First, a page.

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High Power Charging Ideas

Discussion in 'Roadster: Technical' started by richkae, Sep 5, 2009.

  1. richkae

    richkae VIN587

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    When you charge the roadster a certain portion of the power is spent cooling the battery. If you try to do a fast charge in an hour at higher voltage and current like 50 kW ( 500 volts 100 amps? ) there will be a lot of heat to dump.

    Why not have a second loop through the radiator to do a higher efficiency heat exchange. This second loop is normally empty and penalizes the car with an extra couple pounds of copper or aluminum. Then you have a second umbilical that runs coolant through this heat exchanger. The car doesnt need to waste any of the juice it gets running fans, only running the pumps.

    If you are charging at 50 kW, then you have the charge station have a powerful cooling system to cool this fluid.
    Even if you are charging at a normal power, you could run fluid through a big heat sink and then you would charge faster because you dont waste power running the fans and you should be able to run the pumps less because you are getting rid of the heat more efficiently.
     
  2. Jeremy

    Jeremy New Member

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    Most likely the cost and complexity would not justify this sort of endeavor, especially since the vast majority of the time Tesla owners are going to be charging from home or elsewhere with power limitations around the 70 amp level anyway. If the infrastructure for public charging comes into play in the future, then 440-ish volts and high amperages will be a reality for rapid charging.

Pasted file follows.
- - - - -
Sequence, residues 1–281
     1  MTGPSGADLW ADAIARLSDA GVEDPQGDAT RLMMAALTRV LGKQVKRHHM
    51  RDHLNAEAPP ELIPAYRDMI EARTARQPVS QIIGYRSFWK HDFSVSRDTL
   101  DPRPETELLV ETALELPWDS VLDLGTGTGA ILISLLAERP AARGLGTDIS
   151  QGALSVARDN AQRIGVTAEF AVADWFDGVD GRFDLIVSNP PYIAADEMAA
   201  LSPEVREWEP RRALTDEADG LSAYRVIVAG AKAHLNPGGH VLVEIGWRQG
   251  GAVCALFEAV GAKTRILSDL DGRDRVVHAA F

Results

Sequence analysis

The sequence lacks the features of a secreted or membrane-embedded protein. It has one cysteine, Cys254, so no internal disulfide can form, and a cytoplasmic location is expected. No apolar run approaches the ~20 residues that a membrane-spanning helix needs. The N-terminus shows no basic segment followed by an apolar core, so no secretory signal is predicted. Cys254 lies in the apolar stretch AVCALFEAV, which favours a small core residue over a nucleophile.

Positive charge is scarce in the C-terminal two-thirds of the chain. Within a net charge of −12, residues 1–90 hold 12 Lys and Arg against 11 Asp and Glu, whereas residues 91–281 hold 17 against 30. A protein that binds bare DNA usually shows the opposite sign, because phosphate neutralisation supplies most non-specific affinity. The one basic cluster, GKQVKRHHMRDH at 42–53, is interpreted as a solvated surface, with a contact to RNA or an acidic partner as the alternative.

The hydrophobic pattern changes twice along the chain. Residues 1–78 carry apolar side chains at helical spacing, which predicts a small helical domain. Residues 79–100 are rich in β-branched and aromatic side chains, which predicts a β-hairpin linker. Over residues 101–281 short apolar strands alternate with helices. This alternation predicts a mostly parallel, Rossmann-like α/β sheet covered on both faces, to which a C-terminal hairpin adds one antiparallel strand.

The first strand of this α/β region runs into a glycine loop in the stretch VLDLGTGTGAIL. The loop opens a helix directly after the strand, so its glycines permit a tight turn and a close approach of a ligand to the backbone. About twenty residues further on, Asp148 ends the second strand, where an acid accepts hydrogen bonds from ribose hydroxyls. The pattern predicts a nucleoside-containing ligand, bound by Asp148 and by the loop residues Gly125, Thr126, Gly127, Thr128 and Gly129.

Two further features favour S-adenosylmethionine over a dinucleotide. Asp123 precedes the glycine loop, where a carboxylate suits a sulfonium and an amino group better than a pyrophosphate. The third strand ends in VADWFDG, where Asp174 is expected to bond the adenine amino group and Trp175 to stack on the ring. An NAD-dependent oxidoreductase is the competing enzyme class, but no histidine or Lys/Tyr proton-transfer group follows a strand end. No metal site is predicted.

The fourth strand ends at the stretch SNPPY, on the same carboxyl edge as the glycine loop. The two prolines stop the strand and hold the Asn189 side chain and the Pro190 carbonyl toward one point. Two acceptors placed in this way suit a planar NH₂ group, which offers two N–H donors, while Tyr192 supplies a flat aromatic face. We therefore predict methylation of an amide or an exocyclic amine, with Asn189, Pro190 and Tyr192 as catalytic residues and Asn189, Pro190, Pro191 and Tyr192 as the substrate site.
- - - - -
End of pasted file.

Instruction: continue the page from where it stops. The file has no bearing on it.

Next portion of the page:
Keep in mind, though, that the power to run a fan and the coolant pump is truly inconsequential when compared to the amount of juice the battery pack can hold, and in terms of what it essentially 'robs' from the charging process. If you left your Roadster unplugged and in an area where it had to run the coolant pump 24/7, it would go for months and months before the battery discharged fully. The cost to your electric bill to run that pump while charging, if it's even necessary when charging, would almost certainly never add up to how much it would cost to add additional features and capacity to the cooling system.

    A lot of people also ask about solar panels on the car and the fact is that even if the entire surface of the car was covered in them and you left it outside in the sun all day, you might add 2 miles to the range. Boils down to the same answer -- it's just not cost effective and the benefit isn't worth adding the complication, weight, etc...

    Jeremy
     
  3. raymond

    raymond Member

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    Wasting Energy like Two Really Nice Refrigerators « Tesla Founders Blog says it's more like 16 days. And since Martin actually measured his findings I think 16 days (14 kWh in 4 days = 56 kWh in 16 days) is pretty accurate.
     
  4. vfx

    vfx Well-Known Member

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    When I have left the car unplugged I logged about 3 miles lost each day.

    My car came hundreds and hundreds after Martin's so I'm sure things got changed as a result of that blog.
     
  5. ra-san

    ra-san Member

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    Much as I'd like to say all is great, the truth is a little more nuanced than that. Basically, if the battery is cool and no pumps or fans are running, then 1'ish percent per day discharge is pretty accurate (maybe 2%). If the pack is warm though, Martin's numbers still hold true. My own tracking shows a bit more consumption than Martin's, but certainly on that order of magnitude. Your pump will rarely run while just sitting there if you've been charging on 240V, thanks to the built-in cooling phase. Not so lucky with 120V, currently.